imago corvi

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Guilloché

Rose Engine

Rose Engine

Guilloché  is a term for a pattern that has been applied by a hand turned engraving machine, such as a rose engine. These machines are quite rare now – but the few remaining technicians are passionate about their art. A rose engine is a specialized kind of lathe. The headstock contains a small engraving tool. It rocks back and forth controlled by a gear moving against a rosette while the lathe spindle rotates. The gear is turned by hand and the pressure on the engraving tool is guided by hand. It takes a great amount of skill to control the machine. Rose engine work can make flower patterns, as well as convoluted, symmetrical, multi-lobed organic patterns. Sort of like a complex spirograph in metal. 

Recently I met a gentleman from Burlington Ontario who has one of these machines and a passion for turning. he was also aware of the tradition for enamelling guilloché , and was interested in learning some techniques.

trapped bubbles

So I did some research and we spent a day trying some different techniques with good success. The problem I had run into in doing some preliminary samples was tiny trapped bubbles. In most enameling applications this is not a serious problem, as they are not usually obvious, and they decrease with repeated firings. However with the fine pattern of guilloché , the bubbles obscured the design and the typical single firing required the bubbles to be gone in the beginning. It was also important to fire the back and front at the same time, as turning the piece over to fire the back would result in trivet marks, and firing the back first would anneal the front and take the edge off of the fine engraving cuts.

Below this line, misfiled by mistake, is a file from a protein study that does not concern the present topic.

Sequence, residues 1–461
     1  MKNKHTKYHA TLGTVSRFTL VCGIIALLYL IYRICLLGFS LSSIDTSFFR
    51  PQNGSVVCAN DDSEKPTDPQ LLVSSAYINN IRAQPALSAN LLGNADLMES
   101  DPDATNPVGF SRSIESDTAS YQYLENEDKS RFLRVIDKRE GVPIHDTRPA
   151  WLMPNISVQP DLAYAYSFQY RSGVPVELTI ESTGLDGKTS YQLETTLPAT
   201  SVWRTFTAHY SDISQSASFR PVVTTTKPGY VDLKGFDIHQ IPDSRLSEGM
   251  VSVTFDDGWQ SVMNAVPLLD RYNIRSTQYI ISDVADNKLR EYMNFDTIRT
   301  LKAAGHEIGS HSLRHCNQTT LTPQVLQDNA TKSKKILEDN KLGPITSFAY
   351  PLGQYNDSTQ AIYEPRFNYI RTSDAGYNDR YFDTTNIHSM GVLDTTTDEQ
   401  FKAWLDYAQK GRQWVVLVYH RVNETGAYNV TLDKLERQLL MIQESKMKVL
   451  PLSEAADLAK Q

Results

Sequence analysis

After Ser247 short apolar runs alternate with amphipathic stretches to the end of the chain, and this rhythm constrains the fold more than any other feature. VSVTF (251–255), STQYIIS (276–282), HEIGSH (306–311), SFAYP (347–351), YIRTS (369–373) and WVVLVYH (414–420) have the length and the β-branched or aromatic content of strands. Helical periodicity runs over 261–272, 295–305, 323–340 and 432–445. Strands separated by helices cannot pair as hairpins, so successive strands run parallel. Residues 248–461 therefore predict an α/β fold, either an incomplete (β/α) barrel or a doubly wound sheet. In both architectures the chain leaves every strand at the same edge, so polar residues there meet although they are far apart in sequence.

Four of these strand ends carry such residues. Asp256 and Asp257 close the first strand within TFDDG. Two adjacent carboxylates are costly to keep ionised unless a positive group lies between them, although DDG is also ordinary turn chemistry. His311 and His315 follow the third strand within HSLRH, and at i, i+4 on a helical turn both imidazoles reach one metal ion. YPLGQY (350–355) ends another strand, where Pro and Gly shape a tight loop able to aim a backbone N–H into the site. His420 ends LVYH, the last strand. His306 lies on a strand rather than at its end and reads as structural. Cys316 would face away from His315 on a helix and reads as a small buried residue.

The advice that I had gotten was to use very fine (325 mesh) grounds. This was directly against the perceived wisdom among enamelists that bigger grains give more clarity. 

test piece

Some enamelists use only 80 mesh grain for clarity – in my own pieces I generally use a mix ranging from 200-80 mesh. I feel that a variation in size will minimize the trapped air bubbles by preventing the “boulder effect” (the theory that large grains only will trap more air) 

under-fired – oxides trapped in cuts

So the process we worked out was to sift enamel on the back that was saturated in gum binder, and then turn to the front and wet pack 325 mesh enamel tightly but thinly on the front – and do a very high firing (up to 1600 for 2 1/2 min) when the piece was dry. We tried grinding the enamel from lump form to see if the results were any better, but concluded that it wasn’t worth the trouble.

 

Different colours will require different times/temperatures, but I think he has enough information to go forward  with confidence and produce some really beautiful enamelled guilloché 

Light green on fine silver

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This entry was posted on May 11, 2011 by in enameling, teaching and tagged , , .

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